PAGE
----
12,761 citations

Journal ArticleDOI
TL;DR: This work develops and analyzes space-time coded cooperative diversity protocols for combating multipath fading across multiple protocol layers in a wireless network and demonstrates that these protocols achieve full spatial diversity in the number of cooperating terminals, not just theNumber of decoding relays, and can be used effectively for higher spectral efficiencies than repetition-based schemes.
Abstract: We develop and analyze space-time coded cooperative diversity protocols for combating multipath fading across multiple protocol layers in a wireless network. The protocols exploit spatial diversity available among a collection of distributed terminals that relay messages for one another in such a manner that the destination terminal can average the fading, even though it is unknown a priori which terminals will be involved. In particular, a source initiates transmission to its destination, and many relays potentially receive the transmission. Those terminals that can fully decode the transmission utilize a space-time code to cooperatively relay to the destination. We demonstrate that these protocols achieve full spatial diversity in the number of cooperating terminals, not just the number of decoding relays, and can be used effectively for higher spectral efficiencies than repetition-based schemes. We discuss issues related to space-time code design for these protocols, emphasizing codes that readily allow for appealing distributed versions.

4,385 citations

Journal ArticleDOI
TL;DR: This work considers radio applications in sensor networks, where the nodes operate on batteries so that energy consumption must be minimized, while satisfying given throughput and delay requirements, and analyses the best modulation and transmission strategy to minimize the total energy consumption.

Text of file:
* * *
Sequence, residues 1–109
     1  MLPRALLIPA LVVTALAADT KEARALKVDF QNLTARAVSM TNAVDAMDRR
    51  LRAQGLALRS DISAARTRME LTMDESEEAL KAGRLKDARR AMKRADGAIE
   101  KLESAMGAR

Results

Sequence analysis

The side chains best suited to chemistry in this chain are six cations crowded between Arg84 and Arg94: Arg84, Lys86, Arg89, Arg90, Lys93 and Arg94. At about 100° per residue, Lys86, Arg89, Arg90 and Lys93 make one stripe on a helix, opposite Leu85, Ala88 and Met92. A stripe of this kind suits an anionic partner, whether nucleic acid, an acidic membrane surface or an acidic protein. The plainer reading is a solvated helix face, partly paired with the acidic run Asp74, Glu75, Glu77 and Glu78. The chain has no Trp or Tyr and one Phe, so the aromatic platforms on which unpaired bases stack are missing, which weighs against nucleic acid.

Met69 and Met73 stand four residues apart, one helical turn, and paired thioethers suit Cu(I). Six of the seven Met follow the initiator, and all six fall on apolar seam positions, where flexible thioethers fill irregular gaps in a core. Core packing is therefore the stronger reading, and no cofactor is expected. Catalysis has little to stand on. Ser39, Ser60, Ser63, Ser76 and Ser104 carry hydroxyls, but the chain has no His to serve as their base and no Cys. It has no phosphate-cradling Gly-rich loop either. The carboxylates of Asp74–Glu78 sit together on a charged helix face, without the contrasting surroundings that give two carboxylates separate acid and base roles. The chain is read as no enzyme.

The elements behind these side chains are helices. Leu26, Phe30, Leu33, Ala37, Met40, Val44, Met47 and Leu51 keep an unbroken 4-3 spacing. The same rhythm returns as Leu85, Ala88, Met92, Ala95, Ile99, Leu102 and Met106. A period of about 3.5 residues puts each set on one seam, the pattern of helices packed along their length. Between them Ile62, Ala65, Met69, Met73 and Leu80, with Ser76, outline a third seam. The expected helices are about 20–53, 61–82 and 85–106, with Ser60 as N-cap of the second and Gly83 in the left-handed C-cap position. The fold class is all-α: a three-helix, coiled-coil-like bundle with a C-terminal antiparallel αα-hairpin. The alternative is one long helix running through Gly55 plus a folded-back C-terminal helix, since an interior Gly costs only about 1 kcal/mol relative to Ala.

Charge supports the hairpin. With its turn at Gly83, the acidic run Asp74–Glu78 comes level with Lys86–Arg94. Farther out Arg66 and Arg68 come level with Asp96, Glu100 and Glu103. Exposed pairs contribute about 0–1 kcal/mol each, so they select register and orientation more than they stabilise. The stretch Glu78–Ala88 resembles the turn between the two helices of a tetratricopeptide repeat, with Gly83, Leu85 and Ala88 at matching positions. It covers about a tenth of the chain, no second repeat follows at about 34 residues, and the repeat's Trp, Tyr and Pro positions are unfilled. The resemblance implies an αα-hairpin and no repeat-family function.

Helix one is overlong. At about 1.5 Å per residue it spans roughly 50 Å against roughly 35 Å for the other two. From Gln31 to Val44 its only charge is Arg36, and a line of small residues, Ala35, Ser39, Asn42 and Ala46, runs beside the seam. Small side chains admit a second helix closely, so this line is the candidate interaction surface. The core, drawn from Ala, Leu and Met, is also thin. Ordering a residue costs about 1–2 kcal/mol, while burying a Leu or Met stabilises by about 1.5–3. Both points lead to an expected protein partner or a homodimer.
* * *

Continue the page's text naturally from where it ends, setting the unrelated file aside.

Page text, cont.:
Abstract: We consider radio applications in sensor networks, where the nodes operate on batteries so that energy consumption must be minimized, while satisfying given throughput and delay requirements. In this context, we analyze the best modulation and transmission strategy to minimize the total energy consumption required to send a given number of bits. The total energy consumption includes both the transmission energy and the circuit energy consumption. We first consider multi-input-multi-output (MIMO) systems based on Alamouti diversity schemes, which have good spectral efficiency but also more circuitry that consumes energy. We then extend our energy-efficiency analysis of MIMO systems to individual single-antenna nodes that cooperate to form multiple-antenna transmitters or receivers. By transmitting and/or receiving information jointly, we show that tremendous energy saving is possible for transmission distances larger than a given threshold, even when we take into account the local energy cost necessary for joint information transmission and reception. We also show that over some distance ranges, cooperative MIMO transmission and reception can simultaneously achieve both energy savings and delay reduction.